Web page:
This section is from the book "The Transmission Of Life. Counsels On The Nature And Hygiene Of The Masculine Function", by George H. Napheys. Also available from Amazon: The Transmission of Life.
All these precautions are to what end ? To avoid exciting the passion of sex. It is veil to hold this clearly in view; and it is also well to understand distinctly what this passion is. Through a want of this understanding, the most extravagant vagaries, the most areadful asceticism, and the wildest debauchery, have alike claimed sanction from the holiest of religions.
Is this passion a fire from neaven. or a subtle flame from hell ? Is this " furious task-master," as Cicero calls it, to be regarded as an ever-present witness to our fallen nature, as one of the imperfections inevitably rooted in our bodies by the disobedience of our first parents? We cannot to such a degree accuse the benevolence of the Creator; we cannot so violate the analogy of organic life; we cannot so do in. justice to our own consciousness.
The noblest and the most unselfish emotions take their rise in this passion of sex; the most perfect natures are moulded by its sweet influence; the most elevating ties which bind humanity to holy effort are formed by it. True, it is like the genii which obeyed the magic ring in oriental tale; so long as the owner of the jewel did not violate its law, that long the genii were his willing slaves, and brought him wealth and glory; but when he became untrue to himself, then they rose upon him, and hurried him away defenceless to the gloomy cavern, and the unquenchable flames. The wise man, therefore, will recognize in the emotions of youth a power of good, and a divinely implanted instinct, which will, if properly trained, form a more symmetrical and perfected being than could possibly be in its absence; and he will have impressed upon him the responsibility which devolves on those who have to control and guide this instinct.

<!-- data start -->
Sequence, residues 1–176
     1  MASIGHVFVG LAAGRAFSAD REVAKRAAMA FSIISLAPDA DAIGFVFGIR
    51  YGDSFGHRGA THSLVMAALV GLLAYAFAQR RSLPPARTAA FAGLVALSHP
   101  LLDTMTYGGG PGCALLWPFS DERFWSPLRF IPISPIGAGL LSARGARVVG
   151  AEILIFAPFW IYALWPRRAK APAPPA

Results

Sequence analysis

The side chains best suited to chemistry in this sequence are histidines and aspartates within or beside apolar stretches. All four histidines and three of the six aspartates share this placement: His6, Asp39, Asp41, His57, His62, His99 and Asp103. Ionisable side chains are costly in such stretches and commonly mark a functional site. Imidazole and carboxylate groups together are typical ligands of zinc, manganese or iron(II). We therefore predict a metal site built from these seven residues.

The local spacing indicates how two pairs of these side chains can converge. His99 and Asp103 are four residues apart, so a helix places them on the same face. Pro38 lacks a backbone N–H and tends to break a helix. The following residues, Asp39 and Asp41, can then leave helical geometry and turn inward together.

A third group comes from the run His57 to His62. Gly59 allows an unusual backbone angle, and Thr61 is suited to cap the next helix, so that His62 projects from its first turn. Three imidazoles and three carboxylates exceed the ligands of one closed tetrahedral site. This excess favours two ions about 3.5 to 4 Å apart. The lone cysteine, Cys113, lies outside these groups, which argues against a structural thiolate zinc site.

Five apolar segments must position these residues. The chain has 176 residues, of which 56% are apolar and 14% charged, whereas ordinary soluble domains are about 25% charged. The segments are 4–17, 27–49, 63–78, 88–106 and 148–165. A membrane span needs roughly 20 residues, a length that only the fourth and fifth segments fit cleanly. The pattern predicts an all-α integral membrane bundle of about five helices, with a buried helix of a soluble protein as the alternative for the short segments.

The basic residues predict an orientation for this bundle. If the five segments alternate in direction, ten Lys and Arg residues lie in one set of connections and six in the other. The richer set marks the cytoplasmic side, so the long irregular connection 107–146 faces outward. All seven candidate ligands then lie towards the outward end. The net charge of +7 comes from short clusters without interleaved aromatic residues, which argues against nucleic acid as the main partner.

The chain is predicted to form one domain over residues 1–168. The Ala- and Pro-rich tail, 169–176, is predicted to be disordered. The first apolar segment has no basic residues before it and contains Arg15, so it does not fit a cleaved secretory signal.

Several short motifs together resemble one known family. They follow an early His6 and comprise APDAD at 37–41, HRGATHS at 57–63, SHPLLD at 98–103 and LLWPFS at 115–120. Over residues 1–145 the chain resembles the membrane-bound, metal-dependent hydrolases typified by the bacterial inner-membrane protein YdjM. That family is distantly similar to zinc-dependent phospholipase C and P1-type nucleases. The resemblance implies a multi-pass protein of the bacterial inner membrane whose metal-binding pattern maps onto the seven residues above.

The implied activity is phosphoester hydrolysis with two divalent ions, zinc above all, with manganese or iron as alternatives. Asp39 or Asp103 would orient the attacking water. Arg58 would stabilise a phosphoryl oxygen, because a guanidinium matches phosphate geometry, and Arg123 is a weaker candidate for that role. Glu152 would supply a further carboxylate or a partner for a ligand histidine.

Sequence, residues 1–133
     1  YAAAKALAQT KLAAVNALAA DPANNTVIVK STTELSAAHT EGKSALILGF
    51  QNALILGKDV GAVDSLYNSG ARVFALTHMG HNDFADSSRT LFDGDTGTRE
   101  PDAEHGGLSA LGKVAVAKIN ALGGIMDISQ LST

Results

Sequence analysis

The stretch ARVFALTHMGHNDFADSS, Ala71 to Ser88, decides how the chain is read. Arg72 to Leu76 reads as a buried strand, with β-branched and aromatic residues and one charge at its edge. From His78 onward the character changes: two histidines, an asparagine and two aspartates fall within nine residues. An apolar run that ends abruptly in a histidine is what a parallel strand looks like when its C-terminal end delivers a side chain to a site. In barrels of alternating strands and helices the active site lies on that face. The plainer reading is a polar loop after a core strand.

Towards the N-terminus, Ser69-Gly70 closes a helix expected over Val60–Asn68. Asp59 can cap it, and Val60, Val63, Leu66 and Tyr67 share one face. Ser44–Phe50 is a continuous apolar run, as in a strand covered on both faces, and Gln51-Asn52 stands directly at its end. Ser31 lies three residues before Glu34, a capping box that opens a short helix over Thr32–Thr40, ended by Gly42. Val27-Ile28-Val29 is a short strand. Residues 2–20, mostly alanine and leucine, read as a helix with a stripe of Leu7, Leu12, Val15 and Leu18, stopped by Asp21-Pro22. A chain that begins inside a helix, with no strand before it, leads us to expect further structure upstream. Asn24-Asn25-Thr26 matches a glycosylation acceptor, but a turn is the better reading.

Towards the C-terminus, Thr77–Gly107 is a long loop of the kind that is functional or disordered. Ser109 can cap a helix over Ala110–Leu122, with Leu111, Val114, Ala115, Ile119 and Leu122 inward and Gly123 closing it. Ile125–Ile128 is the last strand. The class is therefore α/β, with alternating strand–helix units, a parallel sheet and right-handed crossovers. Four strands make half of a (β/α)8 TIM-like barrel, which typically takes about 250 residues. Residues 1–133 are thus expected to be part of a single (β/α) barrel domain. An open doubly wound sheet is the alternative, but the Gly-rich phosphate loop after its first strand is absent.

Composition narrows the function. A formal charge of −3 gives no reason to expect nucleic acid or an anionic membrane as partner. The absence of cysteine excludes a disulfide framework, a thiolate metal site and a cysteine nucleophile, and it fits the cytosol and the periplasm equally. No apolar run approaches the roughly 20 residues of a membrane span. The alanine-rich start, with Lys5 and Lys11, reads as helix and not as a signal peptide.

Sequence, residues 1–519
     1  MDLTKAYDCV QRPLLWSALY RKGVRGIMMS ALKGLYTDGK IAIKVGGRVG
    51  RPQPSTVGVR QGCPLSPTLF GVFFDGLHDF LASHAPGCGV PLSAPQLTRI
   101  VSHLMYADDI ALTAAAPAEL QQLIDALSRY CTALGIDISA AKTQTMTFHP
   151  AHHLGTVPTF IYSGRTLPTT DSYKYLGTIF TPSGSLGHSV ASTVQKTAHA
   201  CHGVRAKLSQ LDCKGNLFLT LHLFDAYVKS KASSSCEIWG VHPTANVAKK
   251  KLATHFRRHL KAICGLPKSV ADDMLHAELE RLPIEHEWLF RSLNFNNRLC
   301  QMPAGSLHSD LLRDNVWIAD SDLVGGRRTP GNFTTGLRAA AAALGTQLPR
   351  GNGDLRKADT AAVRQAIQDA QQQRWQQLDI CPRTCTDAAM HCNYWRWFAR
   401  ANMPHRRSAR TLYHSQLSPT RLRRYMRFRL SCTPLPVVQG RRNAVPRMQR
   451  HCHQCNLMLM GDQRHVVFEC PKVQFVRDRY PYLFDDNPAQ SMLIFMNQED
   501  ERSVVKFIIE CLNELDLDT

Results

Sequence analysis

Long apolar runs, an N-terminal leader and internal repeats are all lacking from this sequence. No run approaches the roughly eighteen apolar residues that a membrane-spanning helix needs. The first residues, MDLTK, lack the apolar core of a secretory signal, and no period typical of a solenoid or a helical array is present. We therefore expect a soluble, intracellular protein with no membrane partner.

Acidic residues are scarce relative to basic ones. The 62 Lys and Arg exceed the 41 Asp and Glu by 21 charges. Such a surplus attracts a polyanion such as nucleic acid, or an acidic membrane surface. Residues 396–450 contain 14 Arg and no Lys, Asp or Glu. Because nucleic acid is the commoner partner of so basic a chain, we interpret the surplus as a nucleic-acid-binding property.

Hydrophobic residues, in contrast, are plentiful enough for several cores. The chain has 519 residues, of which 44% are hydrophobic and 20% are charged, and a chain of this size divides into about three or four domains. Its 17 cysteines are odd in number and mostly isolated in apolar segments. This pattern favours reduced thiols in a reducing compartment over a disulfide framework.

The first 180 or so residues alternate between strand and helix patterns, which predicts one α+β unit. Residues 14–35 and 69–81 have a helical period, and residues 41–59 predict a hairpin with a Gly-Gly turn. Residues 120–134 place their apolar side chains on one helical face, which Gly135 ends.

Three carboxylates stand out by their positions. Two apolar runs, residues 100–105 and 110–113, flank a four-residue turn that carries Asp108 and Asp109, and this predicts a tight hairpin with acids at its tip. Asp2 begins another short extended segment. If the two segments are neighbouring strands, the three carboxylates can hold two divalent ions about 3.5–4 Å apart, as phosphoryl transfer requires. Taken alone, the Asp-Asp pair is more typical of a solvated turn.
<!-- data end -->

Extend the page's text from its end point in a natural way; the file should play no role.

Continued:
It is not at the period of puberty that passion commences. In fact, it is hard to say, how early it may not be present; and this point we wish to impress the more emphatically, because parents and teachers, in spite of their own boyish experiences, if they would but recall them, are too liable to persuade themselves that at the age of five or ten years no particular precautions are necessary. But the physician knows that even in infants it is not very rare to witness excitement of the organs, which must depend on the action of those nerves which control passion. Self-abuse not uncommonly prevails at the ages we have mentioned, and proves the early development of the instinct. In such cases it is a purely nervous phenomenon, not associated with the discharge of the secretion, which does not yet exist, nor necessarily with libidinous thoughts. But these, too, come very soon, as any once must confess who is a close observer of boys; and at whatever age the habit exists, it is equally re-prehensible.
The danger that threatens is not to be obviated by a complete repression or an annihilation of this part of our nature as something evil in itself, but by recognizing it as a natural, prominent, and even noble faculty, which does but need intelligent education and direction to become a source of elevated enjoyment and moral improvement.
Should the false modesty, the ignorance, or the neglect of those who have charge of youth at the critical period when the instinct first makes itself felt, leave it to wander astray, it is with the certainty of ensuing mental anguish, physical injury, and moral debasement. To what a hideous depth these aberrations of passion may descend we dare not disclose ; for, as the apostle says, " it is a shame even to speak of such things."
Sufficient to say, that every unnatural lust recorded in the mordant satires of Juvenal, the cynical epigrams of Martial, or the licentious stories of Petronius, is practised, not in rare or exceptional cases, but deliberately and habitually in the great cities of our country. Did we choose to draw the veil from those abominable scenes with which our professional life has brought us into contact, we could tell of the vice which called vengeance from heaven on Sodom practised notoriously; we could speak of restaurants frequented by men in women's attire, yielding themselves to indescribable lewdness; we could point out literature so inconceivably devilish as to advocate and extol this utter depravity. But it is enough for us to hint at these abysses of iniquity. We cannot bring ourselves to do more; and we can only hope that the fiery cautery of public denunciation will soon destroy this most malignant of ulcers.